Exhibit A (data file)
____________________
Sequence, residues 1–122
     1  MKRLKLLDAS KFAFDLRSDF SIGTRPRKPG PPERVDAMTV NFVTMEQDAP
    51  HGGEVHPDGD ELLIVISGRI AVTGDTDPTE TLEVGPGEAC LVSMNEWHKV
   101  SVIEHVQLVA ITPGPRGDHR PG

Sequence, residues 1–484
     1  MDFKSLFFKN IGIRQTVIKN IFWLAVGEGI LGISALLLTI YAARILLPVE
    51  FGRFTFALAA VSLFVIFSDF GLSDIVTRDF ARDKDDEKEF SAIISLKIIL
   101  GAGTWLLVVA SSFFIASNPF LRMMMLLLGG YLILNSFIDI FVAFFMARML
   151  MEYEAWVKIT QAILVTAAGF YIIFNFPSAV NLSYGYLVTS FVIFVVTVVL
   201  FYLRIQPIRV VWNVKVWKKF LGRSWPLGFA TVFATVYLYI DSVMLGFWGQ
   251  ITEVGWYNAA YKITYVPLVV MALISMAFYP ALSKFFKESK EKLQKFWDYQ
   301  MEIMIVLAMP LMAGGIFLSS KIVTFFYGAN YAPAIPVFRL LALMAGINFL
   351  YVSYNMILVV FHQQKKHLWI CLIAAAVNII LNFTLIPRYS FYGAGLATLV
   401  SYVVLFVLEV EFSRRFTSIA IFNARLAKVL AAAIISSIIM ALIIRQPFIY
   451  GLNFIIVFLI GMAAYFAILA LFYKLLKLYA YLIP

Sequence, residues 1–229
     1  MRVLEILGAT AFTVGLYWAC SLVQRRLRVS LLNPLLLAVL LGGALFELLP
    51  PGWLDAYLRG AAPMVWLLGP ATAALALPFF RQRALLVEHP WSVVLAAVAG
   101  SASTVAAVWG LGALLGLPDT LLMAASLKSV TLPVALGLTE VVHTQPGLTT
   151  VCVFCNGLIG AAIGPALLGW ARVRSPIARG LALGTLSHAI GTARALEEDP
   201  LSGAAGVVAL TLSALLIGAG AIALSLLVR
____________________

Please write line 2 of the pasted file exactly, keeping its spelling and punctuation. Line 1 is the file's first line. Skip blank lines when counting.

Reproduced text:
     1  MKRLKLLDAS KFAFDLRSDF SIGTRPRKPG PPERVDAMTV NFVTMEQDAP